As news about the completion of the federal probe into Russian interference of the 2016 election reaches more of the public, a new Morning Consult/Politico survey indicates Attorney General William Barr’s summary of special counsel Robert Mueller’s findings has done little to change the electorate’s perceptions about President Donald Trump and Russia.
Fifty-one percent of registered voters in the March 29-April 1 poll said they think it’s likely that Russia has compromising information on the president, while 40 percent believe Trump’s campaign worked with Russia to influence the outcome of his victory over Hillary Clinton and 46 percent believe the president has tried to impede or obstruct that investigation.
Those figures are all roughly in line with views expressed in a February survey and another conducted last week during the immediate aftermath of the March 24 release of Barr’s summary, which determined that there was not sufficient evidence “to establish that the President committed an obstruction-of-justice offense” and said Mueller found no evidence of conspiracy between the Trump campaign and Russia.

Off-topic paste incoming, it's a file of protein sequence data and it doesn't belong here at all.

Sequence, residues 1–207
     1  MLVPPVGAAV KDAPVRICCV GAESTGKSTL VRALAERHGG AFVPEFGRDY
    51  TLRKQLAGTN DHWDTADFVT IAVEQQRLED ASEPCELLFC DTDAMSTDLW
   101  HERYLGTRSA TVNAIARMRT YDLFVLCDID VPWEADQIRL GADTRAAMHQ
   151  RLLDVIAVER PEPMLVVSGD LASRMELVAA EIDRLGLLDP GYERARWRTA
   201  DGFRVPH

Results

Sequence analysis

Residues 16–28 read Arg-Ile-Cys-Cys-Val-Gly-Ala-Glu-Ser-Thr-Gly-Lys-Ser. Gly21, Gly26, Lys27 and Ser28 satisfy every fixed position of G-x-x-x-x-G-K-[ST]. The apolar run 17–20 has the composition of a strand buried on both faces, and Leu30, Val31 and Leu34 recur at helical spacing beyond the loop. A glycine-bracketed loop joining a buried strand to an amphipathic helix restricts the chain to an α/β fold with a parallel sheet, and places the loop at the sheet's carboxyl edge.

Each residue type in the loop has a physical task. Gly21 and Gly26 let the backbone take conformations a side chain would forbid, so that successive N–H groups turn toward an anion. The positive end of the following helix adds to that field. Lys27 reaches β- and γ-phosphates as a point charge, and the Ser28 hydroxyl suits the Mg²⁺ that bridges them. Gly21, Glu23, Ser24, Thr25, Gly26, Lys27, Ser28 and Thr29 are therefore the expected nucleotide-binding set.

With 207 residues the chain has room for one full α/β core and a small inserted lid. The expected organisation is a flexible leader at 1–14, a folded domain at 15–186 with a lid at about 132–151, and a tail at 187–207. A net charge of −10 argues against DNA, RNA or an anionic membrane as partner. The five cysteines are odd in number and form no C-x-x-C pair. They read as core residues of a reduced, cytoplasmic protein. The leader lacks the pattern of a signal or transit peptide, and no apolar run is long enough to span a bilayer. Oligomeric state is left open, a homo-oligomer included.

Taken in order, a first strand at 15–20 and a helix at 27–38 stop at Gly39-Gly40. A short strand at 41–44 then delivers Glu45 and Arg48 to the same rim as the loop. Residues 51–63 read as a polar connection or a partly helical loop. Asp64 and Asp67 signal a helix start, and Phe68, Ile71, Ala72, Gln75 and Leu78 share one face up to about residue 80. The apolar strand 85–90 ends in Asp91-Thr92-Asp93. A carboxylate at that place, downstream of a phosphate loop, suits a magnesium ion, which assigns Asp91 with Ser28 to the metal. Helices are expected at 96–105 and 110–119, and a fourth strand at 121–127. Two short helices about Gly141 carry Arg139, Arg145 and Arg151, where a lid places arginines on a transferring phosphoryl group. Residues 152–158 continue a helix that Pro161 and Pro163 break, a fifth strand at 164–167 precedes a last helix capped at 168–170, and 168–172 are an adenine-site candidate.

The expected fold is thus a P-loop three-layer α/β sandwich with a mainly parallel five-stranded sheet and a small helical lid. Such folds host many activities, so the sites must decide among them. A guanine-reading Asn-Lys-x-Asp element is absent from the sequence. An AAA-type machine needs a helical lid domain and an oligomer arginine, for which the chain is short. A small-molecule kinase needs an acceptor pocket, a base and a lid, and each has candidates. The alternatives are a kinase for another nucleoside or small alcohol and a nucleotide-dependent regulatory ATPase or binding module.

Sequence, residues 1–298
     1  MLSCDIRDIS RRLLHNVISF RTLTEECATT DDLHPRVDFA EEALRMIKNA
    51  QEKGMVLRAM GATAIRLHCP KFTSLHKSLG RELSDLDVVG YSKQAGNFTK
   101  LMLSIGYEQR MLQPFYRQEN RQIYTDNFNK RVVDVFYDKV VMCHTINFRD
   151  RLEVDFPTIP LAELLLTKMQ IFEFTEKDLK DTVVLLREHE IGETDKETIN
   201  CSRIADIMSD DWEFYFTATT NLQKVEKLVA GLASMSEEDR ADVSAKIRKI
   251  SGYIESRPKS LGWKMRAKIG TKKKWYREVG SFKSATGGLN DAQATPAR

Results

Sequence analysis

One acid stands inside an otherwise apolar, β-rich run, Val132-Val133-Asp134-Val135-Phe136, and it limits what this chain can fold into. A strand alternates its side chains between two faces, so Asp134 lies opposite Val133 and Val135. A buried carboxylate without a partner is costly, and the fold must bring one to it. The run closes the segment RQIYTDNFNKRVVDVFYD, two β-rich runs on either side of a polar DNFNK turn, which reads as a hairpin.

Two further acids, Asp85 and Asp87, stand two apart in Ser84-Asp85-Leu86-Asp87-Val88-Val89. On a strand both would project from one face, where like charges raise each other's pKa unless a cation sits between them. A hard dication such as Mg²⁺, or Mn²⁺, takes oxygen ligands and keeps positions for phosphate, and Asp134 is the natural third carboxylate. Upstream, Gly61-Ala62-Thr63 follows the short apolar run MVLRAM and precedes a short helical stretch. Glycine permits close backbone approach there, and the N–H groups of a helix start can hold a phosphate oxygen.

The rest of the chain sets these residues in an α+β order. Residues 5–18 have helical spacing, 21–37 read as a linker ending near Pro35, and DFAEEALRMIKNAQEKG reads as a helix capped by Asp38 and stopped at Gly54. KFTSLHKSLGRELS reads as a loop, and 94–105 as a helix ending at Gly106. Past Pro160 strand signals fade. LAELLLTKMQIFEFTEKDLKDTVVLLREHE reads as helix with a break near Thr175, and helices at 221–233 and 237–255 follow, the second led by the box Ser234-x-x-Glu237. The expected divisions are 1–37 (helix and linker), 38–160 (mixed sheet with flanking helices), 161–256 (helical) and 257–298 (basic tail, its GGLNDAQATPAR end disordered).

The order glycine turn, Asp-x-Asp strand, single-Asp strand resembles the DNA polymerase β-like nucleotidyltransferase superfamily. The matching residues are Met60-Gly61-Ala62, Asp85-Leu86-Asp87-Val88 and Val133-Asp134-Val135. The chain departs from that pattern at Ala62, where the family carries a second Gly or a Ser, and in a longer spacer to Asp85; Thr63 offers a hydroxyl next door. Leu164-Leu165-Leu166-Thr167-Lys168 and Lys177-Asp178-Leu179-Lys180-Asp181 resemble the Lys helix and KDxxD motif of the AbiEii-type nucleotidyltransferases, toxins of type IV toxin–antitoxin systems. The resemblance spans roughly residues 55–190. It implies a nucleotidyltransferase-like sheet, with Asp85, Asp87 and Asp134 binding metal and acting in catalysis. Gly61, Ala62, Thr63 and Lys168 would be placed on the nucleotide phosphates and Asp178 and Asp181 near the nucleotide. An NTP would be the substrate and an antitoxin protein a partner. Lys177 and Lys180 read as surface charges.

Each survey had a margin of error of 2 percentage points.
That lack of movement comes as voters have grown more likely to hear news about Mueller wrapping up his investigation. Nearly half (49 percent) of respondents in the latest national online survey said they’d heard “a lot” about Mueller submitting his report to Barr, up from 35 percent in last week’s poll. Most partisans on either side of the aisle said they’d heard a lot about it, compared with 35 percent of Democrats and 41 percent of Republicans last week.
As GOP voters digested more of the news, they’ve also grown more wary over questions concerning the probe’s fairness.
A slim majority of that voting bloc (51 percent) said they don’t believe the investigation was conducted fairly, compared with 42 percent last week — and 32 percent now say it was a fair investigation, down 12 points from the previous poll. Perceptions of the probe’s propriety among Democrats, meanwhile, was statistically unchanged.
And while voters remain divided on perceptions of the investigation and Trump’s relationship with Russia, 81 percent still agree on one thing: The report should be made public.